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Authors:Osterrieder et al. 

Journal/ Pre-Print:bioRxiv 

Tags: Cell Biology, Immunology/Immunity, Inflammation 

Research Highlights 

1. Syrian hamsters are a useful model for observing age-dependent differences in SARS-CoV2 infection.  

2. SARS-CoV2 infected aged Syrian hamsters had a greater body weight loss than young Syrian hamsters whereas viral loads were similar 

3. Young hamsters had more robust early lung inflammation and exhibited recovery by d14 whereas older animals had early oedema and unresolved inflammation at d14 


Young (6 weeks) and aged (32-34 weeksSyrian hamsters were intranasally infected with SARS-CoV2 or mock-infected Aged animals experienced greater body weight loss compared to young. Viral load was similar between the groups and virus was mostly cleared from the lungs by d14. Histopathological features of infection were assessed over time. Young animals had more leukocyte infiltrates at the onset compared to older, which in turn had increased swelling. Lung tissues had almost recovered in young hamsters at day 14, while the aged still had persistent inflammation and lung damage. 

Impact for SARS-CoV2/COVID19 research efforts  

Others: Describes new model for evaluating vaccines and therapies against SARS-CoV2/COVID19 

  • This study evaluates the age-dependent differences of SARS-CoV2 infection is Syrian hamsters and demonstrates the presence of clinical markers of infection in the hamsters, such as body weight loss, thus providing a potentially useful model for evaluating efficacy of antivirals and vaccinations in young and aged animals  

Study Type  

  • In vivo study (e.g. mouse, NHP) 

Strengths and limitations of the paper 


  • This study describes the differences in SARS-CoV2 infection in young compared to aged Syrian hamsters. It finds that body weight loss is a robust clinical marker of infectionand that there are histopathological differences between young and aged hamsters. The study highlights the Syrian hamster as a useful model for evaluating therapies and vaccinations while considering age-dependent differences.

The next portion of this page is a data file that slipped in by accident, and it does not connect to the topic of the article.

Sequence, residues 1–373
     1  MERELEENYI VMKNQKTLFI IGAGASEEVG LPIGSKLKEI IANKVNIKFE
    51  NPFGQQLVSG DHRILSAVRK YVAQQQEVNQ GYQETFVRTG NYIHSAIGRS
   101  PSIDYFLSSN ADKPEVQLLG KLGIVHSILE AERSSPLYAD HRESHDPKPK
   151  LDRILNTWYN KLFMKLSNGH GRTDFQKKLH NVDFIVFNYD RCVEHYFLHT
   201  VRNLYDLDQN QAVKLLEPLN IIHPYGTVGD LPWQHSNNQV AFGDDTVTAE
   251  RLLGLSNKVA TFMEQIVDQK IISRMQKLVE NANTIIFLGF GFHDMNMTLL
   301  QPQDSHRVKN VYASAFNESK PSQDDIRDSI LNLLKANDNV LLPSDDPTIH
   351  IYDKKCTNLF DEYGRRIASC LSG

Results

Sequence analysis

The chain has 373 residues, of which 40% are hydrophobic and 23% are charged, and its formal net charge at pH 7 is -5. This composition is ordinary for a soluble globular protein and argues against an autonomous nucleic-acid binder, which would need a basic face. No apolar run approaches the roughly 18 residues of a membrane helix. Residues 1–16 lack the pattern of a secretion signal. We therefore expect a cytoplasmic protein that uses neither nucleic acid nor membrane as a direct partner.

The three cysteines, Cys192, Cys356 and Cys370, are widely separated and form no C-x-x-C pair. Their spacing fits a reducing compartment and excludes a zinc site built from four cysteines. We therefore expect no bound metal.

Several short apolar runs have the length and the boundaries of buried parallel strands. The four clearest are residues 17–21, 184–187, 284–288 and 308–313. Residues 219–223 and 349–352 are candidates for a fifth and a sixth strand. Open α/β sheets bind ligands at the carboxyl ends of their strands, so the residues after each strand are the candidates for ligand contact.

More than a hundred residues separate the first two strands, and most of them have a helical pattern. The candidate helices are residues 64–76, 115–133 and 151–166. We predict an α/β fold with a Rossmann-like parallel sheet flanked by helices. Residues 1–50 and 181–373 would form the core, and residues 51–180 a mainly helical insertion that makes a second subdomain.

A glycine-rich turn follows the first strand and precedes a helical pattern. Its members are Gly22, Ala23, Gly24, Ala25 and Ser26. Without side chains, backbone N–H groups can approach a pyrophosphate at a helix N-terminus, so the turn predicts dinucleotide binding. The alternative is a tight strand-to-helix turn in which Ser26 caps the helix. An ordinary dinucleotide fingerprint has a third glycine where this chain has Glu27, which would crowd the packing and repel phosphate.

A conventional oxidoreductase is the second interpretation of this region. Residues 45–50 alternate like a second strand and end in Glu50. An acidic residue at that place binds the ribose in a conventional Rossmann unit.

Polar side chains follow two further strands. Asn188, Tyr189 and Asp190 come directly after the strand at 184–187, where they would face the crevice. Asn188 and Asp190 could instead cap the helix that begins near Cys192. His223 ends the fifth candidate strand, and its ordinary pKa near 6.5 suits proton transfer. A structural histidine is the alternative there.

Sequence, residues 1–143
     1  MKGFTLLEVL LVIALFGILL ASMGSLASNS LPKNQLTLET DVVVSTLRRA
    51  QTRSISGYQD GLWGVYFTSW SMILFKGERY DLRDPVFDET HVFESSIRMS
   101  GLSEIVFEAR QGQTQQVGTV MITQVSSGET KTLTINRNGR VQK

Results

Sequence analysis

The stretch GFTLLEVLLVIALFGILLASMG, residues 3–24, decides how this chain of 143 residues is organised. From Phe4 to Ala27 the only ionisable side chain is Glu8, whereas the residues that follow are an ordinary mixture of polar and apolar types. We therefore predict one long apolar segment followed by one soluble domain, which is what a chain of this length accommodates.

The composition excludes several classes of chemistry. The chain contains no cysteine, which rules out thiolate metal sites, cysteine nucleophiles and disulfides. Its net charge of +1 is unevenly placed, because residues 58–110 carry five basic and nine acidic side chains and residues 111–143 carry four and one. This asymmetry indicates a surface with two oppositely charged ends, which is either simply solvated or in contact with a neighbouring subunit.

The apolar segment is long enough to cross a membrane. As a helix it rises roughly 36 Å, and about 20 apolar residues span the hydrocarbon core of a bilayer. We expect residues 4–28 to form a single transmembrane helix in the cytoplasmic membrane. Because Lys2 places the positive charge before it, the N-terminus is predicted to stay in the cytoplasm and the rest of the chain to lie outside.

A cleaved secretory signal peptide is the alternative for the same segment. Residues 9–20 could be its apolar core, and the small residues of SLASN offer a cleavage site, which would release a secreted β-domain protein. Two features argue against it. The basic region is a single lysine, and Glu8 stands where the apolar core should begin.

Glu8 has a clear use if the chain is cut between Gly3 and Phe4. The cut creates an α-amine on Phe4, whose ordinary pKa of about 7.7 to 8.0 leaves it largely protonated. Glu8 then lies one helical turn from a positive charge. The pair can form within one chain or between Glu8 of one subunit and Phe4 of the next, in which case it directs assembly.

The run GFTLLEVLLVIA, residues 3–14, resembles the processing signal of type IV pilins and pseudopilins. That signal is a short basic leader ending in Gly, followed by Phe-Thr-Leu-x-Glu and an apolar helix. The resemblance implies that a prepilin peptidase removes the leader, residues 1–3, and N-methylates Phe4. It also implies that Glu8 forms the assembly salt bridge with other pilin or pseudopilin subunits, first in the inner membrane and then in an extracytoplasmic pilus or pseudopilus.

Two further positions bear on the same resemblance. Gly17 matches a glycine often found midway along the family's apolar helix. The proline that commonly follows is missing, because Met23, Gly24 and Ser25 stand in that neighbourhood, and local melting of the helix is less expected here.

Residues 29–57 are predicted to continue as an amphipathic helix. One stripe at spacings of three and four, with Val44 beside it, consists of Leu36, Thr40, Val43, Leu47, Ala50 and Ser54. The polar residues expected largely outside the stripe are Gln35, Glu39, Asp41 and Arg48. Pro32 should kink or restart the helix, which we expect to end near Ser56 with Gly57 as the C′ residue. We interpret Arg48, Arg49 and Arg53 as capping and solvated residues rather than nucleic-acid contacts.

Standing in the field: 

  • Previous research suggests that hamsters are highly susceptible to SARS-CoV2 infection, and that young male hamsters tend to experience relatively mild disease. This is the first study to evaluate the age-related differences of SARS-CoV2 infection in Syrian hamsters.  

Appropriate statistics: 

  • No statistical analysis of data, making it difficult to evaluate significance of differences described. 

Viral model used: 

  • 1x10PFU of SARS-CoV2 München (BetaCoV/Germany/BavPat1/2020)  


  • Potential for pre-clinical assessments of SARS-CoV2 vaccines and therapies. Further investigation into the immune response of Syrian hamsters to SARS-CoV2 infection is needed.  

Main limitations:  

  • Sample size for day 7 and 14, when the differences between young and aged arise, is only one and two, respectively.  

  • A more thorough look at immune responses to SARS-CoV2 infection in Syrian hamsters would have been useful. The authors mention age-dependent differences in antibody titres and further exploration of this would have been useful.  

  • Some of the conclusions the authors have made aren’t entirely supported by their data. The authors suggest that body weight loss “provides an objective way to judge clinical efficacy of antiviral therapy or vaccination”, however this is based on no significance testing and a relatively small sample size of n=12 per group. This claim needs further validation before body weight loss can be used as a reliable marker of clinical efficacy.